Tommy: “Rakim, Dipset, Jadakiss, Slipknot, DMX, Kiss, Linkin Park, Seo Taiji, Method Man, Trivium, Korn, Tool, Limp Bizkit, Onyx, Machine Head, Biohazard. I could go on all day about artists that have impacted me. There are A LOT!”
Metal and hip-hop crossover isn’t a new concept. What do you hope to offer fans of both genres in 2021?
Jerry: “We hope to legitimize the crossover aspect from the metal side and be a gateway act to those who may be too timid to dive into either genre. The hip-hop game has been pumping out tons of incredible crossover artists and I feel like they’ve been doing a lot more to keep rock music afloat in the modern world. Hopefully, the crossover movement can bring something exciting enough to make metal more prevalent in the eyes of the world and provide those long-term massive careers we really haven’t seen since the late 1990s/early 2000s.”
Tommy: “We hope to offer our fans the ability to speak for themselves and we believe a lot of them already do so. They don’t care what other people think of what they listen to and I love to see that.”
The video for the single is equally as hard-hitting. Tell us about how the concept came together. Are the visuals of the band as important as the music/lyrics?
Jerry: “The song is intentionally jarring, we wanted the transition to abrupt and eye-opening, a lot of artists like Drake, Travis Scott, and Kendrick Lamar, will put out a song and change up the beat or flow into something completely different in the same song, and that’s how we wanted to approach both the song and the video. We live in a time where visual representation is everything so that’s always been a priority to us. I could go on for hours about this video in particular, but I just want to say a lot of hard work went into it and I’m incredibly grateful to everyone involved in the process.”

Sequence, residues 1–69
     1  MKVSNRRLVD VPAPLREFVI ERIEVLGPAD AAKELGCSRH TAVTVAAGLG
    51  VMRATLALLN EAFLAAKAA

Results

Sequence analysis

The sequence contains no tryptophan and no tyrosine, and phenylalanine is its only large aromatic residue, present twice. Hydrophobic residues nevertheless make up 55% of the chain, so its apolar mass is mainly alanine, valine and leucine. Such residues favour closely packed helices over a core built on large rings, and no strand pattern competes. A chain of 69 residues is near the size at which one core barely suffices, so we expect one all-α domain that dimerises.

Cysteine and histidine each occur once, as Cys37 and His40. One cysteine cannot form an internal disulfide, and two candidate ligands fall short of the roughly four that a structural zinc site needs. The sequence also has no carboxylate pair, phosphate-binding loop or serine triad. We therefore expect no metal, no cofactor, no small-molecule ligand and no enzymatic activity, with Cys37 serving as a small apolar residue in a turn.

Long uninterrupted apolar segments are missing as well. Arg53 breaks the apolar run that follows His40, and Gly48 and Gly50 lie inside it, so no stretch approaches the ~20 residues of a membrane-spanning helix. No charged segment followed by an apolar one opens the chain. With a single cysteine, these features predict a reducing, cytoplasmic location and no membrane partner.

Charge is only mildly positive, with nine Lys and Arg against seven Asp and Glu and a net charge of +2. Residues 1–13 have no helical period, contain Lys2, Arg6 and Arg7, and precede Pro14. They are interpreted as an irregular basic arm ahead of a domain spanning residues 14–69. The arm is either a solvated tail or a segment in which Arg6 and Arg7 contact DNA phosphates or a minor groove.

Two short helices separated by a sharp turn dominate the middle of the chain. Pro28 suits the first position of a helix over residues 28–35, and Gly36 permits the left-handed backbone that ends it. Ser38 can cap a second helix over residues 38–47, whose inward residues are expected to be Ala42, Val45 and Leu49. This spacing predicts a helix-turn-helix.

We’ve talked about the last twelve months being completely screwed. Have you been involved in any protests or demonstrations?
Tommy: “Me and my crew were at the first protests happening in Brooklyn and Manhattan in May. It was insanity. Tear gas, rubber bullets, people getting trapped, arrested, etc. Some people took advantage and did bad stuff. It would go on like this for a while. Since the song was written/recorded in January 2020, everything started feeling more real as the months went on. The message was always clear but it was also how relevant it started to feel for us being in the center of all of it.”
Jerry: “A few of us have attended some protests and demonstrations over the course of the summer, it was a surreal experience and really eye-opening into how much still needs to be done to fix social issues that plague not only America but the whole world for sure.”
What have you noticed have been the biggest changes to life in New York during the last twelve months?
Jerry: “Man, COVID has fucked with every aspect of our lives. We’re social people in one of the most culturally diverse cities in America. It’s weird to be home for months on end when we used to have the ability to do whatever we want almost whenever we’d want.”
Tommy: “Thousands of family-owned businesses shutting down. It’s just sad that this happens only for corporate businesses to come and replace them. It’s BS!”
Now that the single is out, are you writing new material and what else can we expect from Jynx going forward?
Jerry: “Well, we might have a ‘lil something going on with some new music, ya feel me?! Expectations are something we try to exceed every time we do a release. We never head into the studio with an idea of what kind of song we want to write, we just let it flow naturally, so just always expect us to push ourselves into different territories every time we drop something new.”
Thanks for your time, over to you for the final words…
Jerry: “Our message is always about being as unapologetically you as possible. Fuck the fake.”